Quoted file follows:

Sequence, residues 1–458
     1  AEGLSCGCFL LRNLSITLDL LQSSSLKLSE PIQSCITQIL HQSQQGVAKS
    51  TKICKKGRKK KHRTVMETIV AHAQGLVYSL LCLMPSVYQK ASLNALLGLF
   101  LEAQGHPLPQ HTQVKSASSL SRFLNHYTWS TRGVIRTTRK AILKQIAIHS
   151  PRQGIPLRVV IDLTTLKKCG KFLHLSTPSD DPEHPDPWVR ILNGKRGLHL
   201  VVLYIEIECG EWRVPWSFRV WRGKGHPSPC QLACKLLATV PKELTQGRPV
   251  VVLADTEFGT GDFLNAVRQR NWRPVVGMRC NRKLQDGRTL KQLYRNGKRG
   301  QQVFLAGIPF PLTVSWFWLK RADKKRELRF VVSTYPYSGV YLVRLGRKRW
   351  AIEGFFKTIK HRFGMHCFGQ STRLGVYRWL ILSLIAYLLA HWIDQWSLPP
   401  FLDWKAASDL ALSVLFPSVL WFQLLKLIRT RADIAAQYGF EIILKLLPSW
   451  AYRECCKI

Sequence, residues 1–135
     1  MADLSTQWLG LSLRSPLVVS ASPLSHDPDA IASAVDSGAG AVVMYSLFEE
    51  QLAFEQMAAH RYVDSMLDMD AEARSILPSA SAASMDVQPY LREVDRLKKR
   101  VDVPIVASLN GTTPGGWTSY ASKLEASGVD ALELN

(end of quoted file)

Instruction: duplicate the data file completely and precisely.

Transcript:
Sequence, residues 1–458
     1  AEGLSCGCFL LRNLSITLDL LQSSSLKLSE PIQSCITQIL HQSQQGVAKS
    51  TKICKKGRKK KHRTVMETIV AHAQGLVYSL LCLMPSVYQK ASLNALLGLF
   101  LEAQGHPLPQ HTQVKSASSL SRFLNHYTWS TRGVIRTTRK AILKQIAIHS
   151  PRQGIPLRVV IDLTTLKKCG KFLHLSTPSD DPEHPDPWVR ILNGKRGLHL
   201  VVLYIEIECG EWRVPWSFRV WRGKGHPSPC QLACKLLATV PKELTQGRPV
   251  VVLADTEFGT GDFLNAVRQR NWRPVVGMRC NRKLQDGRTL KQLYRNGKRG
   301  QQVFLAGIPF PLTVSWFWLK RADKKRELRF VVSTYPYSGV YLVRLGRKRW
   351  AIEGFFKTIK HRFGMHCFGQ STRLGVYRWL ILSLIAYLLA HWIDQWSLPP
   401  FLDWKAASDL ALSVLFPSVL WFQLLKLIRT RADIAAQYGF EIILKLLPSW
   451  AYRECCKI

Sequence, residues 1–135
     1  MADLSTQWLG LSLRSPLVVS ASPLSHDPDA IASAVDSGAG AVVMYSLFEE
    51  QLAFEQMAAH RYVDSMLDMD AEARSILPSA SAASMDVQPY LREVDRLKKR
   101  VDVPIVASLN GTTPGGWTSY ASKLEASGVD ALELN